Well, enough of being tourist. We came here to live like locals – which means going to work, doing laundry, and taking out the trash. All which seem much more exotic (and a little harder) in a foreign country.
All In A Day’s Work
I arranged with my office that I would work a reduced schedule – mainly on Tuesdays and Thursdays. I work until 8 pm on those days so that I can have some regular office hours that overlap with Eastern Standard Time. Tuesday was my first day.
I set up my desk, got logged onto WIFI, and even was able to log into Citrix (our network). I sent emails, worked on some open questions, and re-connected with clients after my medical leave. A great first day! I posted a picture of my new office.
I was all ready to start again today (Thursday). I got my regulations and “to do” list set up and logged on – only to discover no WIFI. We called Lorenzo, who owns our apartment. He explained that the German Chancellor is in town, and her motorcade is scheduled to go right by our apartment. So the security people shut down the WIFI. I’m not sure if this is true, but eventually I gave up and decided to look for an Internet cafe. They were all mobbed (maybe Lorenzo was right), until I finally stumbled upon a Chinese take-out place with a few tables and no one in sight. Perfect. So I spent the afternoon happily having tea and working at probably the only Chinese take-out in Florence. I liked it so much, I may even go back tomorrow.
My other chore today was laundry. We have been a little intimidated by this because the washer is under a tarp on the balcony – and after all, it is January. Plus it has been rainy, so not ideal outdoor washing weather. But since I was going to stay home this morning to work, I decided this was a good time. I took the tarp off, put in an experimental load of mainly underwear (just in case), and hit the only button allowed (the others are taped up). Things seemed fine. Nothing to it.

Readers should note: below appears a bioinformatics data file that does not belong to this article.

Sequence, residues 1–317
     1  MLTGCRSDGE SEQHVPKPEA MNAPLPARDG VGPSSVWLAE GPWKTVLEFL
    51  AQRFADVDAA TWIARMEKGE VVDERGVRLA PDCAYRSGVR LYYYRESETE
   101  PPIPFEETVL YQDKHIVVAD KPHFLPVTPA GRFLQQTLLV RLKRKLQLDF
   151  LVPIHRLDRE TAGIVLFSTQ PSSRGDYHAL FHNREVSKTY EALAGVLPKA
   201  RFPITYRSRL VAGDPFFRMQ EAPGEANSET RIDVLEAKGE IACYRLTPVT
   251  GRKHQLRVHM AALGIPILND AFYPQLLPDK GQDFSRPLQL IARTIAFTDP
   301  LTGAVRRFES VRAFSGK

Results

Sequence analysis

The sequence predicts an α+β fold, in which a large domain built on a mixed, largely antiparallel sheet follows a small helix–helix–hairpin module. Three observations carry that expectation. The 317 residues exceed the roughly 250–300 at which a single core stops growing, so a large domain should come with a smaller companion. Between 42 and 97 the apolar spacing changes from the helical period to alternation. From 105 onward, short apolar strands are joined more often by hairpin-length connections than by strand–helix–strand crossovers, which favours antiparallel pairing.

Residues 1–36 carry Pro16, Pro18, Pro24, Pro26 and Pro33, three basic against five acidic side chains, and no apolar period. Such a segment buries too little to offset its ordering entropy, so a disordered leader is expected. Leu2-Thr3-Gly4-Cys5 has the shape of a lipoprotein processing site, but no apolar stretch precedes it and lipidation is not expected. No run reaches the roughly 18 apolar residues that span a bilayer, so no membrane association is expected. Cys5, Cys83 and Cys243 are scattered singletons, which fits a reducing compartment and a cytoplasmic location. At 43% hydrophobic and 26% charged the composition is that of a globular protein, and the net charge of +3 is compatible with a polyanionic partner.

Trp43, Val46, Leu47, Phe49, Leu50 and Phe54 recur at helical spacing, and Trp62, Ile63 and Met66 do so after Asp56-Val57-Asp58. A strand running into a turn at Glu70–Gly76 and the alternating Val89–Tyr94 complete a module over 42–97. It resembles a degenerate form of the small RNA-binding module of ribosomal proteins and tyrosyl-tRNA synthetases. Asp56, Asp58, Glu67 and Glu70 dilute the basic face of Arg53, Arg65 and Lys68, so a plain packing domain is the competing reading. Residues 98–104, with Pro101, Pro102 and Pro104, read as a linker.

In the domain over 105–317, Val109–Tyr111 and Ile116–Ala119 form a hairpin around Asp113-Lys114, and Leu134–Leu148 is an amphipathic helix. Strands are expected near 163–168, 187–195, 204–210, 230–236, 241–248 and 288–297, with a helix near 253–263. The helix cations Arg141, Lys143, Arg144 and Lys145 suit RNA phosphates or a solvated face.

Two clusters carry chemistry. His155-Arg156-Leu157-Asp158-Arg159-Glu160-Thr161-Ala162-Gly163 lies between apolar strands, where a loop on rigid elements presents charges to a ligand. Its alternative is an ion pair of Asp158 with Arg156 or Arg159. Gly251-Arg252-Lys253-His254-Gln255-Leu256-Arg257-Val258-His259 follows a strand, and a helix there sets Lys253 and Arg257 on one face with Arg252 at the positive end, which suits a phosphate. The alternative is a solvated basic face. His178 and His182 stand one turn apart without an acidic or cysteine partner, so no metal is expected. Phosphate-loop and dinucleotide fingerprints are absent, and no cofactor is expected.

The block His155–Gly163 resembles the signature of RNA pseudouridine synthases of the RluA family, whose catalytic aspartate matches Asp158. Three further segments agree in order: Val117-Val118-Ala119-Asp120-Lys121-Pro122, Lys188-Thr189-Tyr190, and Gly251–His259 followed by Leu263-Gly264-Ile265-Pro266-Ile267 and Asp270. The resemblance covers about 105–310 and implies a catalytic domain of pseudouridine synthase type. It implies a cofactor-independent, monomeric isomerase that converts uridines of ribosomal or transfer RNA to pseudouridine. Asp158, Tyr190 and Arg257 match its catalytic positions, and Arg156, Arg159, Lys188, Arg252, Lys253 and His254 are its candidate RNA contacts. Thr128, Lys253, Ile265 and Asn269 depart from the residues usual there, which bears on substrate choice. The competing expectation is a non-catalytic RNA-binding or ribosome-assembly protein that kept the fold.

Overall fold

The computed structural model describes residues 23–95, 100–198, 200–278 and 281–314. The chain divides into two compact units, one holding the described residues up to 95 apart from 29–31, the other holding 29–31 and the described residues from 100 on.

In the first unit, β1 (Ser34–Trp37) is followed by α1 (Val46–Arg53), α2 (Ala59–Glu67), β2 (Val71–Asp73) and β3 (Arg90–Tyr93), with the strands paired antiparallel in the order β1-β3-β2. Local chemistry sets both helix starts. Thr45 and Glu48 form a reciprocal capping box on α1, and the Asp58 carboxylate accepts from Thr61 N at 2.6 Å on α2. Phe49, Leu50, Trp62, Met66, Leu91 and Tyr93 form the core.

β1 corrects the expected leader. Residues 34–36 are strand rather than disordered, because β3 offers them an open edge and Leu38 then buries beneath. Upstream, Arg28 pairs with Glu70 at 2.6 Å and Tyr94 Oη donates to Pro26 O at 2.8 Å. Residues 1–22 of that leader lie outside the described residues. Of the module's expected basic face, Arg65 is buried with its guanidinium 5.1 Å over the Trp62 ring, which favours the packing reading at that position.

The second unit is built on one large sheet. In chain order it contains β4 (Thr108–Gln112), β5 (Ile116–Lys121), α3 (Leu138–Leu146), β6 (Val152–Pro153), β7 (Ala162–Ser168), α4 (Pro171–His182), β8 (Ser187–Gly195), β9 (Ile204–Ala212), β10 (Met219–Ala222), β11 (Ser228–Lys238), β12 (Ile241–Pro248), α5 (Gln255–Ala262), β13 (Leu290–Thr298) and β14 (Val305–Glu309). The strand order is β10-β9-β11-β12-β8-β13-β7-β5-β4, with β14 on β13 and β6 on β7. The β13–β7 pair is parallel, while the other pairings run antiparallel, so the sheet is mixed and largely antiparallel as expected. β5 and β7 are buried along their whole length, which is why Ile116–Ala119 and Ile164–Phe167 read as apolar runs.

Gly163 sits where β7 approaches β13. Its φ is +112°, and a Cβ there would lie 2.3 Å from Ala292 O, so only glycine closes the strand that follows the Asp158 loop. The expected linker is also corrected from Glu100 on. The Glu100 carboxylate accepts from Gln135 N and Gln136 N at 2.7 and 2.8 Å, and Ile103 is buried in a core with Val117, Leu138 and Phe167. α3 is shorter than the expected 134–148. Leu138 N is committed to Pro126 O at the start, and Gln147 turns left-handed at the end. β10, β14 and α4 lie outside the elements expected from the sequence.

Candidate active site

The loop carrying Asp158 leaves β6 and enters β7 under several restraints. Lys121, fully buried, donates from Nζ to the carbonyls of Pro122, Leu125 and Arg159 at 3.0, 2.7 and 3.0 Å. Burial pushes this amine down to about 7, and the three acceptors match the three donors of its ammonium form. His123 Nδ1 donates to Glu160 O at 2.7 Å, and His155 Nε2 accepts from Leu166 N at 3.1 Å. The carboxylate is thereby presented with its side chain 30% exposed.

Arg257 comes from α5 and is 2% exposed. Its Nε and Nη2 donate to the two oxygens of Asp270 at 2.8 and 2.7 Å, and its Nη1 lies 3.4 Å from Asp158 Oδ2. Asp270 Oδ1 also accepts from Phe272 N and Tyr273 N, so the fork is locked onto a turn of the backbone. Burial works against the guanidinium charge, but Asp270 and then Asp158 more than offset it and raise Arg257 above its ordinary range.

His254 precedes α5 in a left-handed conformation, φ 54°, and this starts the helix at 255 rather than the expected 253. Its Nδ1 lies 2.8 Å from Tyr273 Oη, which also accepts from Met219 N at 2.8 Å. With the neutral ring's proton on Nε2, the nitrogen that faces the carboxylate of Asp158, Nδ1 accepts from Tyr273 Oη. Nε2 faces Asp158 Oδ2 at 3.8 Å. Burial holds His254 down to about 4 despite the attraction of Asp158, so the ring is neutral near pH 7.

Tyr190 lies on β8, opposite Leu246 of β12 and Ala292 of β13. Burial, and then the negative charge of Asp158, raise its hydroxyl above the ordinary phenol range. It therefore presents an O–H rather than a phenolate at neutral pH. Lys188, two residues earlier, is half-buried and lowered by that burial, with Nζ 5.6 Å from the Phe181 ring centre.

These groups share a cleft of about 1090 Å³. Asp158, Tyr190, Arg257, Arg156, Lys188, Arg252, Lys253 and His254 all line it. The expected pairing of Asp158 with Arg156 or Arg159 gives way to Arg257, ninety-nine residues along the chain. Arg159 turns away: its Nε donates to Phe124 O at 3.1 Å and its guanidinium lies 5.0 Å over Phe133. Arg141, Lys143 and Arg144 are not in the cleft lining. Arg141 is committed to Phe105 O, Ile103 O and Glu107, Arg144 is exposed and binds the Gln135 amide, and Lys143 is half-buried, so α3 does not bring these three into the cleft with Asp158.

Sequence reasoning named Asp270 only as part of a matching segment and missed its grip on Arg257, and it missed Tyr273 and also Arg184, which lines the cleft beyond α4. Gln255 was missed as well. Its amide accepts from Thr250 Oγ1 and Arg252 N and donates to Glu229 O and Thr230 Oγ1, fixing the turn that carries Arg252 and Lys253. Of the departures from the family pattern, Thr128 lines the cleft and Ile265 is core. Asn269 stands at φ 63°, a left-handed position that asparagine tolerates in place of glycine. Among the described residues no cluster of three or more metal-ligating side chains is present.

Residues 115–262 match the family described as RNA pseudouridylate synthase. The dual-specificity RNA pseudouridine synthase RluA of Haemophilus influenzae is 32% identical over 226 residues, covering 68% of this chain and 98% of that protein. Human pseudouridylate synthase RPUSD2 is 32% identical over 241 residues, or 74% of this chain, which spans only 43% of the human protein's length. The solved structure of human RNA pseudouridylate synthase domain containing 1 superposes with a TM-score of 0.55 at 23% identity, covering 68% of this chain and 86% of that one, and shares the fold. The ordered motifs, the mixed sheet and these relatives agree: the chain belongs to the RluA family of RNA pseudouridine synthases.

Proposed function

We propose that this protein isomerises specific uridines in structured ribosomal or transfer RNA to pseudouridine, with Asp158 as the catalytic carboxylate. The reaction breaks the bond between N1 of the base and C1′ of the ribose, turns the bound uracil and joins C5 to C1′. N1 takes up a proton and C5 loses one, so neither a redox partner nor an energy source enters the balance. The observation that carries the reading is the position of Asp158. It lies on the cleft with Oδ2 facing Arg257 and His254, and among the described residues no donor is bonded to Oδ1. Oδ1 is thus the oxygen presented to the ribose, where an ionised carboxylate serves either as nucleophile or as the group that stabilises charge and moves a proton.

Four hours later – the laundry STILL wasn’t finished! I thought we may just have to sacrifice this load and never get it back. So I handwashed the rest. Finally, the washer clicked off, and I strung everything on the racks to dry (there are no dryers in Europe). We may look for a laundromat for next time.
Taking Out the Trash
I am happy to report that we were more successful with the trash. We had been searching for the trashcans for 3 days. Florence has a system where residents must separate their trash into 3 categories: Organic (old food), Residual Rubbish (where the picture shows old soccer balls), and Multi-Use. We’re not sure what Residual Rubbish is, so we mainly just use Organic and Mutli-Use.
You have to carry your sorted trash to a community site with very small garbage cans that look kind of like parking meters. Oddly, we have not seen anyone else walking around with garbage except us, so we don’t know if we are the only ones who comply. But we gathered up our bags, marched to our local trash bin, and did our duty. I took a picture to document the occasion.
So we are settling in and learning the ropes of living in Italy.
Buona Notte! (Good Night!)
Christy & Frank